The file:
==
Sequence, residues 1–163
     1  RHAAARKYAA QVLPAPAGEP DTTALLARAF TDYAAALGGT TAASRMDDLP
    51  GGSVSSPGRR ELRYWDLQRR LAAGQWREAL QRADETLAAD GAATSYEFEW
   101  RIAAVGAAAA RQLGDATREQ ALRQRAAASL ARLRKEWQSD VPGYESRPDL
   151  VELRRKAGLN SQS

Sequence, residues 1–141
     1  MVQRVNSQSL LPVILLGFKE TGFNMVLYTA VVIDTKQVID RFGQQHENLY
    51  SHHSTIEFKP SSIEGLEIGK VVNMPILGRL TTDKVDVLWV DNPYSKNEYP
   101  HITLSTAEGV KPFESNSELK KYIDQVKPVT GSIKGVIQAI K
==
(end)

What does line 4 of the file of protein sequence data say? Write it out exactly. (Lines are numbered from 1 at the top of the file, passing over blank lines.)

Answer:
   101  RIAAVGAAAA RQLGDATREQ ALRQRAAASL ARLRKEWQSD VPGYESRPDL